Honesty is a trait which we all want our children to imbibe and grow with. It’s one of the first few qualities we emphasize on when grooming and disciplining our children. Yet most of us are at a wits end when it comes to handling lying.
It is natural for kids to lie. Occasional, small time fibbing is harmless as long as you are aware of it. But again, it is important to nip them in the bud early so that it does not go on to become a habit. While doing so, it’s also important to handle it diplomatically, so that it does not become counter-productive.
Why do kids lie?
Most kids lie. Though it’s natural part of child development and growing up, it can could come as a big shocker when it happens for the first time.
- Psychologists say that very young children don’t understand the difference between truth and falsehood. Often it’s an outcome of forgetfulness and wishful thinking. So it’s simple and innocent lying, and at this stage, it doesn’t make sense to punish them.
- Slightly older kids hide the truth to save their skin and avoid the wrath of their parents. They’re well aware of the consequences they have to face from their parents. So in anticipation of this, they cover up by lying.
- Children suffering from a low esteem may take to bragging to impress others or to fit into a peer group. Similarly, children who are insecure may invent scenarios to gain attention from their parents.
- Kids may also lie to silently rebel against adults’ rules e.g. lying about having completed homework in order to be able to watch TV.
How to deal with dishonesty?
- Don’t accuse: Calling your child names or labeling her a “liar” will only make her defensive. Instead tell her you’re hurt by her behavior and you don’t approve of it. While doing so, lay down the rules firmly, but gently. Also make sure you don’t make the rules very stringent. The harder the rules, they’re more likely to get broken and urge the child to lie to avoid punishment.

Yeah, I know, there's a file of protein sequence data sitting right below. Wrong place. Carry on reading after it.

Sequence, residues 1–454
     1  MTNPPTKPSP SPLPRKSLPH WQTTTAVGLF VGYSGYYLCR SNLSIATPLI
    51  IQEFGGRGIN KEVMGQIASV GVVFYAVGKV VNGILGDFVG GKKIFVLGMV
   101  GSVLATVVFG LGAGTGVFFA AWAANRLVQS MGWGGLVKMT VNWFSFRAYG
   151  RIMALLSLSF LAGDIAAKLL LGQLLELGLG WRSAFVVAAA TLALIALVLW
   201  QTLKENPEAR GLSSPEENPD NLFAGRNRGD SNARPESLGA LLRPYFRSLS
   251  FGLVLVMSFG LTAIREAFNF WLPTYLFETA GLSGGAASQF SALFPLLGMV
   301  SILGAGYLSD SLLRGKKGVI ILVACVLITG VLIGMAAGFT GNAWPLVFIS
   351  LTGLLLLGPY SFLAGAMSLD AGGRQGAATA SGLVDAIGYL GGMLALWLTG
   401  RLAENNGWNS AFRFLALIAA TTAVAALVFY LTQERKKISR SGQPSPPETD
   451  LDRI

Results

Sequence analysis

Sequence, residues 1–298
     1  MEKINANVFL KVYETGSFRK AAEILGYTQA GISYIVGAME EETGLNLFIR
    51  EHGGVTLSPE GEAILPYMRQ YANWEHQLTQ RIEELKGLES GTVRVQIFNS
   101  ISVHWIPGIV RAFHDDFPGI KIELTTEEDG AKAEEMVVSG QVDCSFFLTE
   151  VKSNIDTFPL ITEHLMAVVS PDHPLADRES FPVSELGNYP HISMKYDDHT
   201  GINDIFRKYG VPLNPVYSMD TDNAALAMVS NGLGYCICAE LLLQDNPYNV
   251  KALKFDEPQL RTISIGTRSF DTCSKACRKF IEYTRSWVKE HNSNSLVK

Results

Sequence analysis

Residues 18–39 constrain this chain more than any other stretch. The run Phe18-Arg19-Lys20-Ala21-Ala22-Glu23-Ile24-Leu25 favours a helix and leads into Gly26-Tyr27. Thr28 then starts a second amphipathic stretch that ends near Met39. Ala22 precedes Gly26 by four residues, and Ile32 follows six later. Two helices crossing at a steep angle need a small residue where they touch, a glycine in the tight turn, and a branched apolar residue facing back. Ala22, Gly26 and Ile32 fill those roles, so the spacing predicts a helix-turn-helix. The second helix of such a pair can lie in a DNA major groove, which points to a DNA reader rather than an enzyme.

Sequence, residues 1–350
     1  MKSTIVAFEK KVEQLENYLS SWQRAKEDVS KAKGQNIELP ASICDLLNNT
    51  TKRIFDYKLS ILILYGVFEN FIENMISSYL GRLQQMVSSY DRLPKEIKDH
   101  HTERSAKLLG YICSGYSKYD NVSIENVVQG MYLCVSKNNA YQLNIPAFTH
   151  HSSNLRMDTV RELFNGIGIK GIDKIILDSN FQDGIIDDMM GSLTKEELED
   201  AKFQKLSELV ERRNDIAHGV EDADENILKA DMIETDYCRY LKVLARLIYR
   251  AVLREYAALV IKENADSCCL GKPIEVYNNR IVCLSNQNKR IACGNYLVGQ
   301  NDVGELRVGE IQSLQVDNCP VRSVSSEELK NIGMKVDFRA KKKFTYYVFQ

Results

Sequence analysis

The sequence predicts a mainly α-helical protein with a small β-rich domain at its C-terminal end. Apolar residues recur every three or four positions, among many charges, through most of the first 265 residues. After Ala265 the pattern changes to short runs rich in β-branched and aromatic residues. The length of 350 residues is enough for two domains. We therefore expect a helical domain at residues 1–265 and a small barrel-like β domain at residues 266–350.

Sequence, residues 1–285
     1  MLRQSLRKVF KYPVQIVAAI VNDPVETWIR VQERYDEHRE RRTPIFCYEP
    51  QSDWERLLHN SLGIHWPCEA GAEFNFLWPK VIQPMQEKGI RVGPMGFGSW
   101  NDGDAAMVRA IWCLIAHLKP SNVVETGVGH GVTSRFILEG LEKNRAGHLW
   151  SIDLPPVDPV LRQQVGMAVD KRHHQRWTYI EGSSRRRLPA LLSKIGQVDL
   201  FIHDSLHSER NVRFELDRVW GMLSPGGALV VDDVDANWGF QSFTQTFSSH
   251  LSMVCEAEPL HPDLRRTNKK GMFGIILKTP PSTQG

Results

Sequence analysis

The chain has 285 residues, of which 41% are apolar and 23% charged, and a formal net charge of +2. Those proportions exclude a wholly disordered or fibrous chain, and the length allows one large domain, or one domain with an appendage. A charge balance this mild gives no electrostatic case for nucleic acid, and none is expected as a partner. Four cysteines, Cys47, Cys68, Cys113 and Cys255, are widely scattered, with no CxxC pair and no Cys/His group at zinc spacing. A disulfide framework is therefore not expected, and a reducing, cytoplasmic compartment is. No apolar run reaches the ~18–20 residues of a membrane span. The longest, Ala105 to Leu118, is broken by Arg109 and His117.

- Find out the reason for the lie: When a child lies, there must be an underlying serious problem. So it is important to get to the bottom of it and find out why the child is lying. What and why the child is trying to hide from lying may be much more important than the lie itself. If your child is lying about her marks at school, she is probably under too much pressure to perform better. Or if she is trying to avert discipline, maybe it’s too rigid for her liking. In both cases you may have to
- Don’t question, if you already know the truth: Don’t grill your child to tell the truth, if you already know it. Forcing your child to confess will set off a chain reaction of lies as the child tries to protect itself. Stay calm and tell them it’s better to tell the truth and get off with it lightly than to lie and disappoint you.
- Praise honesty: Praise your child whenever she confesses on her own. Reward her with a kiss and a hug and tell her how much you appreciate her honesty. This will encourage her to tell her the truth more often.
- Tell your child the consequences of lying: Teach your child the importance of telling the truth. Make her understand that people will stop believing her even when she’s being honest. A good approach to this could be through reading moral stories. There could be no better example than “The boy who cried wolf”.
- Stay cool: Shouting and getting angry is the most natural thing to do when you catch your 6 year old lying. But in effect, it won’t get you anywhere. Making a scene of the issue will only worsen the situation and make your child go on the defensive. And you may end up taking more time than expected to get out the truth.
- Be a role model: Practice what you preach. The best way to inculcate honesty in your children is to lead by example. So be honest yourself. And if you’re under some compulsion to lie, make sure you’re discreet about it. If you want to avoid talking to someone on the phone, instead of telling the child to pass on a message that you’re not at home, tell her to say, that you’re a little busy at the moment and you’ll call back soon (you can at least pretend to be busy!).